To avoid any confusion, here are some simple tips to help you make better eating decisions.
- 1. Check the Serving Size
- 2. Natural or All Natural
- 3. Free Range / Cage Free
- 4. Multigrain
- 5. Fat Free / Light
- 6. Low Cholesterol Terms
- 7. No Sugar Added
- 8. Sugar Free
- What’s your take on nutrition labeling? Have anything else you’d like to share? Let me know in the comments below!
Table of Contents
One way companies hide how unhealthy their products are is by shrinking the serving size.
For example, a single serving of Campbell’s Chunky Classic Chicken Noodle soup is one cup, or surprisingly, just under half a small can.
According to a national survey of 1,000 consumers, only 10% of people said they would eat a one-cup portion, while 64% said they would eat an entire can at one time.
Check the number of servings in your food before you compare the nutrition facts.
All natural doesn’t mean your food comes from a sprawling farm in the countryside that packs their own products in a rustic barn.
It may surprise you to know that the FDA has no strict definition for products being labeled as ‘natural’ or ‘all natural’. Instead, it specifically leaves these terms up for interpretation by food manufacturers.
However, the U.S. Department of Agriculture (USDA) has guidelines when it comes to natural labeling on meat and poultry products.
Food items labeled ‘all natural’ cannot have:
- artificial flavors
- added colors
- synthetic substances
The USDA says that food producers must be able to show that cage free animals are allowed access to the great outdoors, but their lack of regulation allows for giant loopholes, especially since companies do not need to pass certifications.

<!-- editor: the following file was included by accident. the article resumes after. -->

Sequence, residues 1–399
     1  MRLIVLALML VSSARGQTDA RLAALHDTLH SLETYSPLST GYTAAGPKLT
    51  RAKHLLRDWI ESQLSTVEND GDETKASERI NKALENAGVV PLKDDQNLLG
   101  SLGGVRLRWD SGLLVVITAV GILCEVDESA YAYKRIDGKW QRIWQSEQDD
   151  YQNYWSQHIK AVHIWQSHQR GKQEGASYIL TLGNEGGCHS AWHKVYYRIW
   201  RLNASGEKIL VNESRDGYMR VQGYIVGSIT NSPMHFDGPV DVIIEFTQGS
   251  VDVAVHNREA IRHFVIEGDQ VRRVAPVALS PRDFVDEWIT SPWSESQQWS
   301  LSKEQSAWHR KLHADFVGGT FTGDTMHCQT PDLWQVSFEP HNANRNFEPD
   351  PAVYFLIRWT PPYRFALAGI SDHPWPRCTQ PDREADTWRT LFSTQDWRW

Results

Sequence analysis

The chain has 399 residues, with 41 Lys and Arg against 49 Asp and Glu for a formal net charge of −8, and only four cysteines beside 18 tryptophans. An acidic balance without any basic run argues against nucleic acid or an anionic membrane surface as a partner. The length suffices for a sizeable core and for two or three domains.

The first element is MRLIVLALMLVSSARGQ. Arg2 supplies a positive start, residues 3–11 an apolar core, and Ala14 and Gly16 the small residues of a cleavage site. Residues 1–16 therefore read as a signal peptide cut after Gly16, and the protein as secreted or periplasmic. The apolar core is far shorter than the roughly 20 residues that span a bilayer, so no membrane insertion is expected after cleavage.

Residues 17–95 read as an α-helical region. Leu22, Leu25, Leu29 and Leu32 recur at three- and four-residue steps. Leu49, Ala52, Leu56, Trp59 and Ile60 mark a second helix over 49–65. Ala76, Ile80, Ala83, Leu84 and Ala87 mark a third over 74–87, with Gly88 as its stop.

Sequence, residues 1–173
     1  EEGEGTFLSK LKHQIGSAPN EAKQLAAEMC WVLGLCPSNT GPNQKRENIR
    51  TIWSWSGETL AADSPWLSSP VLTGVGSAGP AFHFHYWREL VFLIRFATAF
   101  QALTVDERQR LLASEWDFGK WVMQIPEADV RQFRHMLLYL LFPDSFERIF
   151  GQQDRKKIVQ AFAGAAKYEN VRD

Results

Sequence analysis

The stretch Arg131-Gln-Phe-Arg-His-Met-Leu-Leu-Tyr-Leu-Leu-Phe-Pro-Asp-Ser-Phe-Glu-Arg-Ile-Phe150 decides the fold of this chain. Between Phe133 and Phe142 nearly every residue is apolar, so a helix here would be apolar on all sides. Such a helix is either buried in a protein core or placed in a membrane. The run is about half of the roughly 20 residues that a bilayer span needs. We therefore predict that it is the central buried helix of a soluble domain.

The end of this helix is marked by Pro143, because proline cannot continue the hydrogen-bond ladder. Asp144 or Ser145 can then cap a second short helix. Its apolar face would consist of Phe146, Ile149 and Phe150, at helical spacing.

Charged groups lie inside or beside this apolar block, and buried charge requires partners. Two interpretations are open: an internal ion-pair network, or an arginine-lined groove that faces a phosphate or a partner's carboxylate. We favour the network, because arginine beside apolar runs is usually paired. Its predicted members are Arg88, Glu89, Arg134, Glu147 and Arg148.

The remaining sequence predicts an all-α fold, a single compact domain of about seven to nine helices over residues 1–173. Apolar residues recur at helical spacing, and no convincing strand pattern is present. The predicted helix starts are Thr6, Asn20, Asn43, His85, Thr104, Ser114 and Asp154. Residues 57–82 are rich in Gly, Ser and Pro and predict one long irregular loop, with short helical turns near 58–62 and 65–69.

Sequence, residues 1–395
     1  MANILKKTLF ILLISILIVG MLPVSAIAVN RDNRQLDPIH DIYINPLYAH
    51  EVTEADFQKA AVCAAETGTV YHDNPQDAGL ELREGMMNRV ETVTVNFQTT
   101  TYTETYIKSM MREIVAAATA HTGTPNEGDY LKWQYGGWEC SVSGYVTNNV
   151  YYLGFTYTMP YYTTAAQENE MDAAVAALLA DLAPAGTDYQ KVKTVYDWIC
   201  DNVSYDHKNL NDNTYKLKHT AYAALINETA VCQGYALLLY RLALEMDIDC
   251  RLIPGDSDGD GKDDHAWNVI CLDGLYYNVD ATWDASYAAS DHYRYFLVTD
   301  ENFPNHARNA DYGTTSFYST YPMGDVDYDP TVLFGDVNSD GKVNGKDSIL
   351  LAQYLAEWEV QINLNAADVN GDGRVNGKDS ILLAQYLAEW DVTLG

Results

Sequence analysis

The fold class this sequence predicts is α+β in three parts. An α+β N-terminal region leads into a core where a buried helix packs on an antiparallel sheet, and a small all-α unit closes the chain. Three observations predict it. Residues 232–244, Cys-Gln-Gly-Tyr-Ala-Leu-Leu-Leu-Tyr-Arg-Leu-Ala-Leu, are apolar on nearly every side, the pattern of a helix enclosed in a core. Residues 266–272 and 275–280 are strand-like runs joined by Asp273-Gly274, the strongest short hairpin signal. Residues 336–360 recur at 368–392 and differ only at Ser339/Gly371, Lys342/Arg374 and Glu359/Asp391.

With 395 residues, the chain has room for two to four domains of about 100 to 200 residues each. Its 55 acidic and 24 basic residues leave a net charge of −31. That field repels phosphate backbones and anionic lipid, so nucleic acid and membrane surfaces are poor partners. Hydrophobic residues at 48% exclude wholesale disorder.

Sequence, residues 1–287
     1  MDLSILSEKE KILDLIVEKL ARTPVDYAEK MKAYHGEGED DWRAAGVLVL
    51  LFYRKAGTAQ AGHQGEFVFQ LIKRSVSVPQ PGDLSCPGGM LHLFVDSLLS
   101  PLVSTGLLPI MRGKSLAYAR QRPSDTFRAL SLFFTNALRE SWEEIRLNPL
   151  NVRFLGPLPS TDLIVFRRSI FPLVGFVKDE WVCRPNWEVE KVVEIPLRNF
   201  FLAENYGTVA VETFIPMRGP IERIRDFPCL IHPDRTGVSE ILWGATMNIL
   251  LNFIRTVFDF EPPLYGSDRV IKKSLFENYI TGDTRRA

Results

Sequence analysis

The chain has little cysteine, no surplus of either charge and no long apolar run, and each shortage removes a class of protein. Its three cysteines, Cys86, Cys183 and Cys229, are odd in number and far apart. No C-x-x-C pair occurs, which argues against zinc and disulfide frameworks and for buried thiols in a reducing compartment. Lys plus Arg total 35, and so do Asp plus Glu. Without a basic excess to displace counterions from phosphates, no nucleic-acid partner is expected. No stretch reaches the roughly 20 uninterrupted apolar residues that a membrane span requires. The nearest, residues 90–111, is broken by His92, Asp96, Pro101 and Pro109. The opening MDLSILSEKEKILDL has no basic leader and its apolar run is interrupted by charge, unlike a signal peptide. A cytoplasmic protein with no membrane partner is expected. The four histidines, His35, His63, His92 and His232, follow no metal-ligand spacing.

For instance, food producers can house thousands of chickens in one barn with a tiny door.
Free range chickens have a shelter, but they also have access to the outdoors. Unfortunately, there’s no rule about how long the animals need to be outside or what the conditions of the outside area need to be like.
Multigrain means that the product is made from many grains, some of which may be mostly refined grains, which are not whole grains.
Darker breads and crackers may look healthier because they’re not that shade of processed, bleached white, but they may be no better for you nutritionally speaking. Some food companies use caramel coloring to make these breads appear heartier and healthier for you when they’re not.
Removing the fat from food products forced manufacturers to add other unhealthy ingredients back in to make their products taste like what we were used to.
Food products can be labeled as ‘light’ if they contain 50% less fat than what’s found in comparable products. But that doesn’t say anything about sugar.
Be warned: some fat free or light versions of your favorite foods may contain as many or more calories or sugar as the full fat versions.
Fat is not the enemy; healthy fats provide:
- essential fatty acids
- help for fat-soluble vitamin absorption
- soft and shiny skin and hair
- protection for our hearts
- energizing fuel
The USDA says we should consume less than 300 mg of cholesterol on a daily basis.
To help you manage that amount, you’ll see these three cholesterol labels:
- Cholesterol free: means the product contains less than 2 mg of cholesterol per serving.
- Low cholesterol: means the product has less than 20 mg per serving.
- Reduced or less cholesterol: means the product is at least 25% lower in cholesterol than comparable products.
Fruits, fruit juice, milk, and certain veggies are perfect examples of natural sugars found in foods.
So when you see a product labeled as ‘no sugar added’, check to see what else is inside. Make sure you understand that natural sugar is still sugar that needs to be accounted for.
By definition, sugar-free products have to contain less than 0.5 grams of sugar per serving.
However, that doesn’t take calories and carbs from other sources into account. There could be an overwhelming amount of simple carbs in that food, sometimes way more than the original, full sugar version.